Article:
Argentine Tango is a musical genre and Argentine Tango Dance is the social dance that accompanies it, both recognised as "Intangible Cultural Heritage of Humanity" by UNESCO in 2009. As an improvised dance, the magic of tango comes out of the connection between the couple and the music, allowing the dancers to express their sentiments, fueled by the music.
We believe that one of the biggest deterrents to learning tango is the notion that one has to know a lot of 'moves' in order to dance. In fact, it seems many teachers teach just that: moves. Which is a pity, because by just learning moves, the subtle nature of tango disappears as one uses one's head rather than one's senses (which is what tango is all about).
Tango is an improvised dance. The whole beauty of it comes out of improvisation. And improvisation can easily be numbed by filling one's head with 'moves' and 'sequences'. When one does not have to think how to move, one is free to improvise.
For this reason, we focus on the basics of movement and as we repeat over time, students learn tango through their bodies while concentrating on the music.
Costa & Flo
Costa and Flo are dancing Argentine Tango since 2004. They have trained (and still training) in London, Buenos Aires and Italy, are teaching the fundamentals of Argentine Tango since 2009 and hold a public liability insurance for teaching tango. They continue their training in tango and martial arts since they believe body knowledge and dance to be life-long vocations without limits. They are registered and trading in partnership as Tangueando.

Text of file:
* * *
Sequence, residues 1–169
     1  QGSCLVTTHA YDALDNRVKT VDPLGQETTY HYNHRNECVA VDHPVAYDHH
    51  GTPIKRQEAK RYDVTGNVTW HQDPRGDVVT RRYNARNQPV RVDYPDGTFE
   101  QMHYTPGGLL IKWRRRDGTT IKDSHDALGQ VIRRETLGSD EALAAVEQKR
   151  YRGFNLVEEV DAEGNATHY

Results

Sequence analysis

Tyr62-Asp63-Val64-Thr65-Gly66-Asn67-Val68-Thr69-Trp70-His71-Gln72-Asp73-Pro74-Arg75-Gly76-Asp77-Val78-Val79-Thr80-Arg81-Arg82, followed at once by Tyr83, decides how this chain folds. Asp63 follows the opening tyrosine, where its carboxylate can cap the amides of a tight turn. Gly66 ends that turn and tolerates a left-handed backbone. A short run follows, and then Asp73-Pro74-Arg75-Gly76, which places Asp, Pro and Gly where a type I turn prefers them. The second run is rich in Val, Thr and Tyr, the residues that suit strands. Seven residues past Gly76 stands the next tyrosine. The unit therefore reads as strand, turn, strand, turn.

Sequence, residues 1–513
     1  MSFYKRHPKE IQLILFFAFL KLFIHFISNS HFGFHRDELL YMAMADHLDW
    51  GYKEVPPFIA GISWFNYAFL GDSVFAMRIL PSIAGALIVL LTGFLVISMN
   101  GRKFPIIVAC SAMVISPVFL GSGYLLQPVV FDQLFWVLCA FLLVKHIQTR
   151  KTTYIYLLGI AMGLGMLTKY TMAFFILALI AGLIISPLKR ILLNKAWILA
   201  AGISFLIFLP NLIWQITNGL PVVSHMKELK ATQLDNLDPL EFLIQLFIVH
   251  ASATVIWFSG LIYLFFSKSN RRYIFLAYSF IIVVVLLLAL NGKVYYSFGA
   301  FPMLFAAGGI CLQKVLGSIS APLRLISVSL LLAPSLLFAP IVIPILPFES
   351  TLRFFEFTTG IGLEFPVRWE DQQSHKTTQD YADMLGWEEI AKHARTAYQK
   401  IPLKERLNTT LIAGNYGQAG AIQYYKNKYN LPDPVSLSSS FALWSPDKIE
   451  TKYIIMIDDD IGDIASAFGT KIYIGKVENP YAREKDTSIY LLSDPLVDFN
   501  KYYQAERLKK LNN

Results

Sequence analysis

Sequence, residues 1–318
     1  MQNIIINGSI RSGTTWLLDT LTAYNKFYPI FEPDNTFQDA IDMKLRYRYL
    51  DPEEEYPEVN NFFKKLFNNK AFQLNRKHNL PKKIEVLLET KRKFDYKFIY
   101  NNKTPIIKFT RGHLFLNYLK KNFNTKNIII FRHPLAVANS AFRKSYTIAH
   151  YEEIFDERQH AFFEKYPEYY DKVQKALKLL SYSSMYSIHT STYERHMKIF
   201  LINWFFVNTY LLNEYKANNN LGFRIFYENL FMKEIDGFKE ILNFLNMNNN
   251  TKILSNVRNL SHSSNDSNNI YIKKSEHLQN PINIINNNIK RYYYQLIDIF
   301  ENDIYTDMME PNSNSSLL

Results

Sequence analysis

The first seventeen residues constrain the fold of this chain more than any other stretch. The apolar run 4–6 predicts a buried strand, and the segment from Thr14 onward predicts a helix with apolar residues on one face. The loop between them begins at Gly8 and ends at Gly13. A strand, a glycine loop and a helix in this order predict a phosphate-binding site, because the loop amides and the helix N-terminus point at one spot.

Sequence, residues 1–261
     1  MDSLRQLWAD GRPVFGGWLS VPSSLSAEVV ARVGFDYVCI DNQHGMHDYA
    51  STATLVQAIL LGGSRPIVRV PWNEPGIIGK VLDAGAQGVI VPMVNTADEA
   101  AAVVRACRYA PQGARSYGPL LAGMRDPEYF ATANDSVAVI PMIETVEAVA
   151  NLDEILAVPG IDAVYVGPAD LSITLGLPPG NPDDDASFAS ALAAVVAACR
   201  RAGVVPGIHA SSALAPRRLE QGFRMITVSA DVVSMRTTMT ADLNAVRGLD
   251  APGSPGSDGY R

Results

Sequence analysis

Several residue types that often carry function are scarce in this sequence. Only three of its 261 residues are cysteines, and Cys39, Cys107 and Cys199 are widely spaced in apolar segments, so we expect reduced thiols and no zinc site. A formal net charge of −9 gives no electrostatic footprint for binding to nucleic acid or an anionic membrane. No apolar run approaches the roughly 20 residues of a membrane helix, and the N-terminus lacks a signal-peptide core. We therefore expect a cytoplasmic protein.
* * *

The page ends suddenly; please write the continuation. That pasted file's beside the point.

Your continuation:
WARNING: We very much doubt that such a condition actually exists. In fact, we have experienced several times the opposite: people who were convinced they had two left feet are now dancing several times a week, unable to stop!
Wear comfortable shoes with slippery soles. Leather soles are usually better. Please avoid trainers unless they have fairly slippery soles. In the worst-case scenario, bring a pair of thick socks ;-).
Special note for the ladies:
We highly recommend that you avoid high heels unless you feel very comfortable in them and these do not affect your balance.
Although high heels are usually worn (by both men: 3-5cm, and women: 6-10cm) these may require training and getting used to (perhaps by increasing the height over time) before one can dance safely.
Tango is based on balance and our feet are there to support us and carry us around for our entire lives. It is, therefore, very important to take good care of them!
Please refer to the Sprained ankle article on Wikipedia and pay attention to the last two causes listed ;-)
'Levels' in tango are a very generic and arbitrary classification with various meanings in different tango communities around the world. They are usually applied for ease of classification of tango lessons.
Dancing tango, however, is a life-long experience. As such, we believe that there's always something new to learn as well as something that can be improved. We think that the arbitrary use of the word 'level' should not be taken seriously, as it could otherwise hinder learning.
You do not need to bring a partner, just come along! Of course, if you do have a partner, feel free to bring them along!
Tango does not require specific skills or advanced physical capabilities. However, like any dance, it can put a strain to the legs, feet, joints (especially knees and ankles) and ligaments if the mechanics of movement or balance are incorrect. Avoiding this is what tango technique is all about.
If you suffer or have suffered from joint, bone, ligament or other issues, please let us know at the beginning of the course.